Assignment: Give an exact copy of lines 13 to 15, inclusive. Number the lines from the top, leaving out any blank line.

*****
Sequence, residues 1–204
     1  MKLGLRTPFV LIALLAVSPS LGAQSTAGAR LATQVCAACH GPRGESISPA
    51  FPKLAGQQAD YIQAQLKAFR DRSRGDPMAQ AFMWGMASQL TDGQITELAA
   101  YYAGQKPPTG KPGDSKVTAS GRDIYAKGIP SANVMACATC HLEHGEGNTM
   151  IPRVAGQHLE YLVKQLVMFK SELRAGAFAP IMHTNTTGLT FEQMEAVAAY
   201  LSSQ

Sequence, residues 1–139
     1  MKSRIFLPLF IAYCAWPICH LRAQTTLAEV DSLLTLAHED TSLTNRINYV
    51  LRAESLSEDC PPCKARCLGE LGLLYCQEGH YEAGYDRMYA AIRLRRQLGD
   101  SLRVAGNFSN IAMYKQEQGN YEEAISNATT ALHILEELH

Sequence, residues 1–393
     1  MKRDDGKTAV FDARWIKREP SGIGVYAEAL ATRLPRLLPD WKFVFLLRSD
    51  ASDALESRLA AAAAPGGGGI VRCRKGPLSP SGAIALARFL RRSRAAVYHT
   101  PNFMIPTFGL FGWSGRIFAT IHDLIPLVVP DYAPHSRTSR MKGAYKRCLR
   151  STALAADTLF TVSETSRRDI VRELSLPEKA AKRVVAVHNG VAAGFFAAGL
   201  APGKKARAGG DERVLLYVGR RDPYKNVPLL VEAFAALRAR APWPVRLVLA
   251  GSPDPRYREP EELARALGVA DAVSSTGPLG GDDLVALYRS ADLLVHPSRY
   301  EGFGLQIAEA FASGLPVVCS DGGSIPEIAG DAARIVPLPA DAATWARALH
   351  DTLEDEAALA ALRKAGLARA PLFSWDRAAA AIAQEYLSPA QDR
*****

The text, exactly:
    51  ASDALESRLA AAAAPGGGGI VRCRKGPLSP SGAIALARFL RRSRAAVYHT
   101  PNFMIPTFGL FGWSGRIFAT IHDLIPLVVP DYAPHSRTSR MKGAYKRCLR
   151  STALAADTLF TVSETSRRDI VRELSLPEKA AKRVVAVHNG VAAGFFAAGL